Adorable Oystercatcher chick rescued from 6ft deep Yorkshire drain

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An Oystercatcher chick who feel 6ft in to a Yorkshire drain was saved thanks to some plucky heroes.

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The troubled Oystercatcher. PIC: RSPCA

The troubled Oystercatcher. PIC: RSPCA

The RSPCA and Humberside Fire & Rescue heeded the call after the chick had become trapped in Pocklington, East Riding.

The little bird had fallen into a downpipe from its nesting site on the roof of an industrial building and ended up far below in an underground drain.

Concerned staff from fertiliser manufacturers YARA were alerted to the problem by the frenzied calling of the chick’s parents on the building’s roof first thing on Thursday morning (June 21).

YARA’s Maintenance Manager Alban Timmons explained that Oystercatchers have been nesting on the building for five years.

Rescue crews work hard to save the Oystercatcher. PIC: RSPCA

Rescue crews work hard to save the Oystercatcher. PIC: RSPCA

“Our staff are used to seeing Oystercatchers on the roof, but when they arrived for work at 6am that morning, they knew from the shrieking parents that something was badly wrong, Alban said.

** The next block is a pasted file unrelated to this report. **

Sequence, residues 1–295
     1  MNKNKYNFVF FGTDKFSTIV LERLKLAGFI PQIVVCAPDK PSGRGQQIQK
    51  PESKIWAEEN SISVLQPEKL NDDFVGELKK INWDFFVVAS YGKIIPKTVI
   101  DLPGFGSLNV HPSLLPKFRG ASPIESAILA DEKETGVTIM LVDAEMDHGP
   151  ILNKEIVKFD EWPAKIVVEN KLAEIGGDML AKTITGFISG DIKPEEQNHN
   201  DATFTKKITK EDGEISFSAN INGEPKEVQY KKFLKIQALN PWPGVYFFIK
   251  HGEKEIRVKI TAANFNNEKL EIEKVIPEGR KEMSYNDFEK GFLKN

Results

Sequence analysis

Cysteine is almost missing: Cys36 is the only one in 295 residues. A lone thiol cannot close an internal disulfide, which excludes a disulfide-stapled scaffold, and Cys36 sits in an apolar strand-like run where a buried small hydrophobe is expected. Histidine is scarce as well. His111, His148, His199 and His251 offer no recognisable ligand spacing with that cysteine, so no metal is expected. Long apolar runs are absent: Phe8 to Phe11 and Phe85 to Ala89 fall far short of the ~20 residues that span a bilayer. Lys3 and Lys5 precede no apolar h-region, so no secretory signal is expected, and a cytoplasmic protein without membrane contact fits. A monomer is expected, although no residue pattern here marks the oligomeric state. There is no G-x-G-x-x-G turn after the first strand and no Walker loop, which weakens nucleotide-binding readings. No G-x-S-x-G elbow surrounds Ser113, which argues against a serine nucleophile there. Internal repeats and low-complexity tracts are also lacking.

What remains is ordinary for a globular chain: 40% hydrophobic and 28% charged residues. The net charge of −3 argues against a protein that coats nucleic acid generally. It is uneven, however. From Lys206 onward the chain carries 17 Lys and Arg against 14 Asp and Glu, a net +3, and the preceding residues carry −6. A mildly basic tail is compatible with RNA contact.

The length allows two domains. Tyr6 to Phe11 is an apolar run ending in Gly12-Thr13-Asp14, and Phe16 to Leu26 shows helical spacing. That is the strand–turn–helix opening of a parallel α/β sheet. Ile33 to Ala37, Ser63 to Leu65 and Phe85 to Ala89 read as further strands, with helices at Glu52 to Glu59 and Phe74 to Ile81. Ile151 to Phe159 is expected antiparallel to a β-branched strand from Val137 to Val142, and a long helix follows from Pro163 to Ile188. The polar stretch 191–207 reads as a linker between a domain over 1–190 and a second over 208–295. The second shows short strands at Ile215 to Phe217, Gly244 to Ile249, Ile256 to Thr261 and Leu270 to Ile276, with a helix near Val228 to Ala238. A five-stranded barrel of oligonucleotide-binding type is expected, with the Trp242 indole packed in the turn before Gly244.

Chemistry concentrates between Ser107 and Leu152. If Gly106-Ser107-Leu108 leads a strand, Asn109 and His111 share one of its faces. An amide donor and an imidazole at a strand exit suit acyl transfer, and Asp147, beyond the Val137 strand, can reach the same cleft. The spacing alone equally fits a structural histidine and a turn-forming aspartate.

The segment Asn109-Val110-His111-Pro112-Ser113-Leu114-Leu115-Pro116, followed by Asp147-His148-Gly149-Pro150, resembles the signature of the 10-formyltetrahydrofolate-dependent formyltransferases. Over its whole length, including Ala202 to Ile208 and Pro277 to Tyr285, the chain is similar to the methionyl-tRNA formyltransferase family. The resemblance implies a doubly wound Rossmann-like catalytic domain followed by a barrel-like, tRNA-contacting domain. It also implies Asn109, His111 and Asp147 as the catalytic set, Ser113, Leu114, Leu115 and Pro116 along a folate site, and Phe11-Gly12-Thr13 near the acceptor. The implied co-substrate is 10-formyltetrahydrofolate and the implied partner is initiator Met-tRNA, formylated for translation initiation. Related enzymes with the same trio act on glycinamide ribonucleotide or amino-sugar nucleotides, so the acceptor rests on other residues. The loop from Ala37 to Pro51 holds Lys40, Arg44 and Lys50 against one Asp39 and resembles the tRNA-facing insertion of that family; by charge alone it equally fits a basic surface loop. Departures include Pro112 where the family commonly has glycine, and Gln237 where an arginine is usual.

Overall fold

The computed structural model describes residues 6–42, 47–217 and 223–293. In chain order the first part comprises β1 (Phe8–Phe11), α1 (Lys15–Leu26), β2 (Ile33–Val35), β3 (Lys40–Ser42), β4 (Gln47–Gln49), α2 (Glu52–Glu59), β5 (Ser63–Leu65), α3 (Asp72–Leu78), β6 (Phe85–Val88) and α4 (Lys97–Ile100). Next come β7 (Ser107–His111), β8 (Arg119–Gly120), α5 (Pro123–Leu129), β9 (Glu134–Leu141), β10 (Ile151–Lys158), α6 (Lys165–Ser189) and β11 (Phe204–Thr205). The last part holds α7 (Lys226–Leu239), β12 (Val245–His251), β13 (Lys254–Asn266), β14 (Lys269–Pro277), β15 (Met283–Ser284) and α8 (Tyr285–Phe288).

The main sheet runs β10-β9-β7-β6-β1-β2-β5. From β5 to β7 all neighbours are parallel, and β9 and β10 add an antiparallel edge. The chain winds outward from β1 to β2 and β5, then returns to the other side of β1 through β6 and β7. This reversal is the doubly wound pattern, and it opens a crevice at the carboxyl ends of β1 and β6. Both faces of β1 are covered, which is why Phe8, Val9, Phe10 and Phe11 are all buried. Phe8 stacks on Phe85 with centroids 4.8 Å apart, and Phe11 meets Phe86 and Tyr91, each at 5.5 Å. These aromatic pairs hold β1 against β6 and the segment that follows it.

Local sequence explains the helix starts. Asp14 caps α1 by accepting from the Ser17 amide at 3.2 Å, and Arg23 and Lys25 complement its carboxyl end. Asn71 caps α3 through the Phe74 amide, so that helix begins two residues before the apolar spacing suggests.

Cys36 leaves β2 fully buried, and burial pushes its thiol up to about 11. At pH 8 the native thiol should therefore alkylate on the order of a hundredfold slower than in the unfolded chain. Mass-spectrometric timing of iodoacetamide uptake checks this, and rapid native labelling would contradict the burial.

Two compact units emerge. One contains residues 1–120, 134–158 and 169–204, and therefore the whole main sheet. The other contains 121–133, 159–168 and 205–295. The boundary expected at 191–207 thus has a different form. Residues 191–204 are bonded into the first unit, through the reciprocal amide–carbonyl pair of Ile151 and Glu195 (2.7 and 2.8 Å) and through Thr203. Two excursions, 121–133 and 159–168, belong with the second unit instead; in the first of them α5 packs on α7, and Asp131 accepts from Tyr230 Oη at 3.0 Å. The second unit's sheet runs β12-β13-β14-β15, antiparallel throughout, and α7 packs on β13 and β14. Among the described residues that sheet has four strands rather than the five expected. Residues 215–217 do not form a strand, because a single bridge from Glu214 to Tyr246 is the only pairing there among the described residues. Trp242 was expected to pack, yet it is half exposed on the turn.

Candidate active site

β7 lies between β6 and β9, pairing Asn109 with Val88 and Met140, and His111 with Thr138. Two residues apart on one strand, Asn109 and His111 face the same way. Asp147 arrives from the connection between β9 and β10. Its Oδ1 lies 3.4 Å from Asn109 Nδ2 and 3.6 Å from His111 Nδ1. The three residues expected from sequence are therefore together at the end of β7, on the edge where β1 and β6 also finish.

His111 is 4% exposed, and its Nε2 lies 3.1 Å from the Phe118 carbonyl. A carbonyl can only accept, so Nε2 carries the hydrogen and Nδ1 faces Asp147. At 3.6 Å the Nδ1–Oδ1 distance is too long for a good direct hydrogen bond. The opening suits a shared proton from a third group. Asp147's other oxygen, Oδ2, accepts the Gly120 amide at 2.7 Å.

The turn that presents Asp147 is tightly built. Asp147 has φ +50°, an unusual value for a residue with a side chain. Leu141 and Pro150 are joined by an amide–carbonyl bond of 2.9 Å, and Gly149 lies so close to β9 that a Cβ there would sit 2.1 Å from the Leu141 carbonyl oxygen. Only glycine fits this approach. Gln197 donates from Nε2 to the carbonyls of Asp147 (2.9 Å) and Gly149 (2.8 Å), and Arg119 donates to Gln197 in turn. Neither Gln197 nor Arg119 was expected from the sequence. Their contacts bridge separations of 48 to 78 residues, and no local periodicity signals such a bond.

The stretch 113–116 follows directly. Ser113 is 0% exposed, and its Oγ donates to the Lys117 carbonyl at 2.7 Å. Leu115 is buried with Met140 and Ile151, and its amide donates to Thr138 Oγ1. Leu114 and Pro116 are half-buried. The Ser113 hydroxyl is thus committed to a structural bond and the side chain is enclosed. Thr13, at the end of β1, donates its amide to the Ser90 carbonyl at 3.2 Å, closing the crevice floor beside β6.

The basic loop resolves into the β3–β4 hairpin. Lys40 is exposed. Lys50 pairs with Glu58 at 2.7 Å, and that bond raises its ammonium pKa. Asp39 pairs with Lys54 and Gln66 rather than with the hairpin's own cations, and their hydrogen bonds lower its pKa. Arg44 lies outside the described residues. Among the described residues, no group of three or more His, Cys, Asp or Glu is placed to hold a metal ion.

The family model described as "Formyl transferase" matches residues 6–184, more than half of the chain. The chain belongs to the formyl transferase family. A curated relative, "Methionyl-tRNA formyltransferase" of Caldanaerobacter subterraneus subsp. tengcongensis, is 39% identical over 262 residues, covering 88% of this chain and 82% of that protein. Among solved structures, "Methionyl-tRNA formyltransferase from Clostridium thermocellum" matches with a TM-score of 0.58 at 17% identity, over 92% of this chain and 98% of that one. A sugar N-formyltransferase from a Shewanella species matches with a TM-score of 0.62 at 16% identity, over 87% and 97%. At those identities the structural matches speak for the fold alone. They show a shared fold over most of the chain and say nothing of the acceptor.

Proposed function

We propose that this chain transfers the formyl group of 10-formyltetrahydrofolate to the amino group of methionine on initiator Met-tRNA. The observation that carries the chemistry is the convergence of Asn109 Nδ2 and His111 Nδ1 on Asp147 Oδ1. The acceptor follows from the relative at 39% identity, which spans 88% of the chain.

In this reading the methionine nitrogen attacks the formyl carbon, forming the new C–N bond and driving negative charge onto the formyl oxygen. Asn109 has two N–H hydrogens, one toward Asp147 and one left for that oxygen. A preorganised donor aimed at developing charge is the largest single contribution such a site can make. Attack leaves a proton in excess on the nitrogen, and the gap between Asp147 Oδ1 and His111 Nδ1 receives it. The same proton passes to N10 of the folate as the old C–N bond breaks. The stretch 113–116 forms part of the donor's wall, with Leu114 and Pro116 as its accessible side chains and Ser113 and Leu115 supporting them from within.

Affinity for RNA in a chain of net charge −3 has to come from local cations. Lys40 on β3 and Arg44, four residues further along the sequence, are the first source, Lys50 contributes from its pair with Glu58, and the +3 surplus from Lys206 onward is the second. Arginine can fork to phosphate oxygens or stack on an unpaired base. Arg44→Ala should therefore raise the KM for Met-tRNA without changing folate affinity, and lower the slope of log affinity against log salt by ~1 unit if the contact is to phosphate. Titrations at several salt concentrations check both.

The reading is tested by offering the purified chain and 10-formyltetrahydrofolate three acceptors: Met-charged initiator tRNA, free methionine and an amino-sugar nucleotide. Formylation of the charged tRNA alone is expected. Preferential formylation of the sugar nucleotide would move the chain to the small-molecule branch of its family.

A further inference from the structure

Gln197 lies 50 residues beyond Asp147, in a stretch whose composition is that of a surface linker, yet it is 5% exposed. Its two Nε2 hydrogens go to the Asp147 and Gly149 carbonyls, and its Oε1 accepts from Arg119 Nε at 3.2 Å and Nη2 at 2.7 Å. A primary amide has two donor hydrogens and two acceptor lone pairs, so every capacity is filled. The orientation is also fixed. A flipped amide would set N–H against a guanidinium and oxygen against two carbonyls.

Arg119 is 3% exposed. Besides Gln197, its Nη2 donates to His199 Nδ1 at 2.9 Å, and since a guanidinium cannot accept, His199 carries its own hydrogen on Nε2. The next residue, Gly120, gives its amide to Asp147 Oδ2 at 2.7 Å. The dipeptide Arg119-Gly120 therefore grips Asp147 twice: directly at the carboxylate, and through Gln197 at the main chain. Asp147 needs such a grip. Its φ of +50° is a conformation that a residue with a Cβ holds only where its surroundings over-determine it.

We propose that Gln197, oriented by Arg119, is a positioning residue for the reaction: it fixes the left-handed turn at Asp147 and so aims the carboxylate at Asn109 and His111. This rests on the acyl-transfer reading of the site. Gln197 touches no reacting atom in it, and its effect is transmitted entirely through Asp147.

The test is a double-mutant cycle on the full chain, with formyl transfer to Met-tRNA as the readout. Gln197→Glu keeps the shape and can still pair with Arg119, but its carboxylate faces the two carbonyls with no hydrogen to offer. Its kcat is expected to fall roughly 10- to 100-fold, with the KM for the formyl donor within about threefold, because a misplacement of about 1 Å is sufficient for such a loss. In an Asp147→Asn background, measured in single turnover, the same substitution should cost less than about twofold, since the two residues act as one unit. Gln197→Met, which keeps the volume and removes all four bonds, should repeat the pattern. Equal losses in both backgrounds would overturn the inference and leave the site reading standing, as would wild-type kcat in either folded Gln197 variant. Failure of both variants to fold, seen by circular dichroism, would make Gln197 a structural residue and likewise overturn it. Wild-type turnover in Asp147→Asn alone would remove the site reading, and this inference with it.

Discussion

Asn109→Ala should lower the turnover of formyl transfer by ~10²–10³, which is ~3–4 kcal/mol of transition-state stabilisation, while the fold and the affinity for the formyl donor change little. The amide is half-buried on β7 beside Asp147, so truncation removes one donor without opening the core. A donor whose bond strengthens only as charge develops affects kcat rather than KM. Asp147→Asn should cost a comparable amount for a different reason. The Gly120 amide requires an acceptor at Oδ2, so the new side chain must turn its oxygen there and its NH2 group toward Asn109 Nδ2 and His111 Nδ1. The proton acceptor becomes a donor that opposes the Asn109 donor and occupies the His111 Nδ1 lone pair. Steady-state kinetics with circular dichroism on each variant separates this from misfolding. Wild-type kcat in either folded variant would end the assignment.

“When we realised that their young chick was trapped, we first tried dismantling the downpipe, before discovering the chick was actually underground.

"At that point, we called the RSPCA for help”.

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RSPCA Animal Collection Officer Leanne Honess-Heather said: “The little chap was deep underground having fallen into a rainwater hopper on the roof of the building, then plunged about thirty feet inside the downpipe before ending up in the groundwater drainage system.

“The problem was although we could hear him we couldn’t see him or get to him. He was about six feet underground, and it was going to be a difficult rescue, so I called Humberside Fire & Rescue for support.

“When the Pocklington crew arrived, we worked out that the narrow underground pipe containing the bird was connected to a bigger drain which was much more accessible to us. So the fire crew used their hose to wash the bird out towards the larger drain. It worked a treat. The Fire Officer who had positioned himself with a net at the opening was able to catch the little chap when he sailed through on the crest of a little wave.

“When he was handed up to me, I checked him for injuries and thankfully, he was unharmed despite his ordeal. I then dried and warmed him up while the fire crew located the nest site.

“A fire officer completed the rescue by carrying the little bird up a ladder back to the roof to reunite him with his delighted parents. A mesh was then put into the top of the drain to prevent any further chicks falling down.

“My thanks go YARA’s alert staff and the Humberside Fire & Rescue Service for a really effective rescue.”

The RSPCA has advice on what to do if you find a baby bird

To report cruelty or an animal in distress please call the RSPCA emergency line on 0300 1234 999 or visit our website for more guidance at: www.rspca.org.uk/adviceandwelfare/wildlife/injuredanimals
To help the RSPCA rescue, rehabilitate and rehome animals, visit www.rspca.org.uk/give.